Russell presented an article that stakes out a novel interpretation of Plato’s Republic. According to the authors, Plato regards the first city he describes, the so-called “city of pigs,” as the ideal city. The city that the rest of the book is about, the “luxurious city” is presented as a device for bringing the reader, through the character Glaucon, around to seeing that this is so.
Russell said that he thought one of the strengths of this article is that it correctly identifies the project of the book. He believes that Plato’s point is that people have to internalize the rules of justice. It is a mistake to take Plato as saying that they have to be ruled by guardians who force them to be good.
On the other hand, Russell did not find the authors’ characterization of their opponents as fully accurate.
One thing that an interpretation like this will have to answer is why Plato spends so much time on the luxurious city, with its guardians and all the rest, if he does not think it is the truly ideal city. Plato certainly seems to say that some classes of people need government by guardians, for instance.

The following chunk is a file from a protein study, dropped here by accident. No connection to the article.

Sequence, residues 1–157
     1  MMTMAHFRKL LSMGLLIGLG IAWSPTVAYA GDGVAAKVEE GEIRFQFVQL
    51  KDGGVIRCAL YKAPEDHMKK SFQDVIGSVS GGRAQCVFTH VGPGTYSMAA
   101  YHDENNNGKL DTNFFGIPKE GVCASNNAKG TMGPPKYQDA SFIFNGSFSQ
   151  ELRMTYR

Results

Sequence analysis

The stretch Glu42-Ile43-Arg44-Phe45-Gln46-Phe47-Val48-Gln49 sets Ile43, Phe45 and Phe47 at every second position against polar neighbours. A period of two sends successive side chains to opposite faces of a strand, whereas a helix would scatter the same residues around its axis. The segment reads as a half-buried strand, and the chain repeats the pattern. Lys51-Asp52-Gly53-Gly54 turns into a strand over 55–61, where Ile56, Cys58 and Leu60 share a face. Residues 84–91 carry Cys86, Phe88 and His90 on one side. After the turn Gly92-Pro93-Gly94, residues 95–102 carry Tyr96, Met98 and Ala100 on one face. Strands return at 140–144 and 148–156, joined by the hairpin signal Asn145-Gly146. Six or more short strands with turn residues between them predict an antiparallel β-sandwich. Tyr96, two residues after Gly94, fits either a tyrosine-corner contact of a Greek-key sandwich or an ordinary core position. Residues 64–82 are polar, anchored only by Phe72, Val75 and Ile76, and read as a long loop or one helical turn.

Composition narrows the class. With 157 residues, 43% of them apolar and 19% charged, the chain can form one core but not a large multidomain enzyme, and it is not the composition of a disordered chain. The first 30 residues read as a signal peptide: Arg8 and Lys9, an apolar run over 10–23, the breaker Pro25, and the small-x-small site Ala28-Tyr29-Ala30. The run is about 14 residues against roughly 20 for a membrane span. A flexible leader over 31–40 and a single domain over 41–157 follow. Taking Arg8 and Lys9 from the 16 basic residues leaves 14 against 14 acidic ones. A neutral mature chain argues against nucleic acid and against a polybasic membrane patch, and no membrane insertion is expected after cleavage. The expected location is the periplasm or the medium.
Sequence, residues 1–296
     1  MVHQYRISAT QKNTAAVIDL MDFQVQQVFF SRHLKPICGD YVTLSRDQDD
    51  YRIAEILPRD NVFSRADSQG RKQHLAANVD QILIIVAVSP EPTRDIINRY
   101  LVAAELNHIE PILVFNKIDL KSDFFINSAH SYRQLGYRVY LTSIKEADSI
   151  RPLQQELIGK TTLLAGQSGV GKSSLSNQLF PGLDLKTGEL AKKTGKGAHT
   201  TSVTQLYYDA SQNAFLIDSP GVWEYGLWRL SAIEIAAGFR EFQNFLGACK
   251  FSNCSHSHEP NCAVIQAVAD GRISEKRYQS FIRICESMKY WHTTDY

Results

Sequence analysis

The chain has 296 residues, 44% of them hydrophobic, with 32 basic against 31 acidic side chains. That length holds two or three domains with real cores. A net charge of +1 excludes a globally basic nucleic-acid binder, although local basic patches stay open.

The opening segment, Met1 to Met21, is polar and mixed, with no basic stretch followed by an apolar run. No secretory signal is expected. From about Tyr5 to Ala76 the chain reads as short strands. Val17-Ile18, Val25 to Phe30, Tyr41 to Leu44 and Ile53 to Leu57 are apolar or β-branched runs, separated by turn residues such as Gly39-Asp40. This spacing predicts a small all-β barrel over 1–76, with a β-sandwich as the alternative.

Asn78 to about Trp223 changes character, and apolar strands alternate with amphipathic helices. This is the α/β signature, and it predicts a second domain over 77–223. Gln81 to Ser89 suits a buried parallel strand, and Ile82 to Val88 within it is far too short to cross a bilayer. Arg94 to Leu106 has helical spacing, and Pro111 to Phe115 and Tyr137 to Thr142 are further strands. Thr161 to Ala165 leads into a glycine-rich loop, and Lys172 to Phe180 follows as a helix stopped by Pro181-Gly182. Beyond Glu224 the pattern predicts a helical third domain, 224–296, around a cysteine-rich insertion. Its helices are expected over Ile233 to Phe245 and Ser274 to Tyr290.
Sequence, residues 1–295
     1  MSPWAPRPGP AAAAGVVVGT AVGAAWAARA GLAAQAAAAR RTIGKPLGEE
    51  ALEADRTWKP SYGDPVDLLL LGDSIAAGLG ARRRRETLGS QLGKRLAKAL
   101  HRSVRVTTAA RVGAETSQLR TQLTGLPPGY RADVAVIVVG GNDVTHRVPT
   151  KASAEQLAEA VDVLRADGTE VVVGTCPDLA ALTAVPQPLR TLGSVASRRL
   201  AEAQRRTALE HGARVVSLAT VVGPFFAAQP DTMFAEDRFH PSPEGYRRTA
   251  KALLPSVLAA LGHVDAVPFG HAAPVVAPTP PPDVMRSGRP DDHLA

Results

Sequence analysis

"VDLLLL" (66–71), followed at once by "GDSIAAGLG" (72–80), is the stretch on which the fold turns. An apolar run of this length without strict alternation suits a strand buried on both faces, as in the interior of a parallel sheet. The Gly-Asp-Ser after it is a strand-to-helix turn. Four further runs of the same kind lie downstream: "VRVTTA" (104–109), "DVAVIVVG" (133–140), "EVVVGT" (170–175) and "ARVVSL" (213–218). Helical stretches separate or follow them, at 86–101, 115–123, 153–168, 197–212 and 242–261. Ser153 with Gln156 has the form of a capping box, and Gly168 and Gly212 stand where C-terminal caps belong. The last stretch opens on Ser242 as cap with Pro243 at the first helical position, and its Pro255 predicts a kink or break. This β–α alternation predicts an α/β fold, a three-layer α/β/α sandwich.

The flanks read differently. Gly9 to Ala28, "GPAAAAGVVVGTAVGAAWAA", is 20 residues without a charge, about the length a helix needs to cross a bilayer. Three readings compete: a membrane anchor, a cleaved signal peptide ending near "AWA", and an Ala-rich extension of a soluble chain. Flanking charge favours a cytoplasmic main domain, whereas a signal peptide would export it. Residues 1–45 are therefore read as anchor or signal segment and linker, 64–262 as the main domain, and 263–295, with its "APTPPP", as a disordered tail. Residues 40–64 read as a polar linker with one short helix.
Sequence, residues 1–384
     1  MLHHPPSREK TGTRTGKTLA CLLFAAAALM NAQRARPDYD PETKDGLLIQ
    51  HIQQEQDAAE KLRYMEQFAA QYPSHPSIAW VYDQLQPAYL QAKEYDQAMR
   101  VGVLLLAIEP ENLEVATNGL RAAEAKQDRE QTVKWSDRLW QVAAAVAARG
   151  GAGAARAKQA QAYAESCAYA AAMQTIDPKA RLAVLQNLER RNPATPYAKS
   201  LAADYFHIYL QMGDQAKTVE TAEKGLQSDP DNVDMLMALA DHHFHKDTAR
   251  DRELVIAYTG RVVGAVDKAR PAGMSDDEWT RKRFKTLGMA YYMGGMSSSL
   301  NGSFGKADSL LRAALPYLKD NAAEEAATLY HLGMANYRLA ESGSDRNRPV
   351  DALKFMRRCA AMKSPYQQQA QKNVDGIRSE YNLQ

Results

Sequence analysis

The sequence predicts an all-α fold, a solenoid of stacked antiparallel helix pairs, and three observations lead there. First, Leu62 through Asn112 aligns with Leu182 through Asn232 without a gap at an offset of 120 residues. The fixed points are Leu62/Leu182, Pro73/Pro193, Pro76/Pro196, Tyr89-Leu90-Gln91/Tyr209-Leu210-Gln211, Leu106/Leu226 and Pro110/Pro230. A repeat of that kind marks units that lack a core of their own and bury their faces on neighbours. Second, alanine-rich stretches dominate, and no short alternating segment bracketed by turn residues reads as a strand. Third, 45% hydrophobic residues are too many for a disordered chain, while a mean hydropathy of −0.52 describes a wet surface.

Coleman had an interesting point. He noted that Plato has a story about how the luxurious city decays. There isn’t a similar story about the first city or city of pigs. Maybe that’s evidence that Plato thought it is truly sustainable.
Jonas, Mark E., Yoshiaki M. Nakazawa, and James Braun. 2012. “Appetite, Reason, and Education in Socrates’ ‘City of Pigs’.” Phronesis 57: 332–57. doi:10.1163/15685284-12341047s.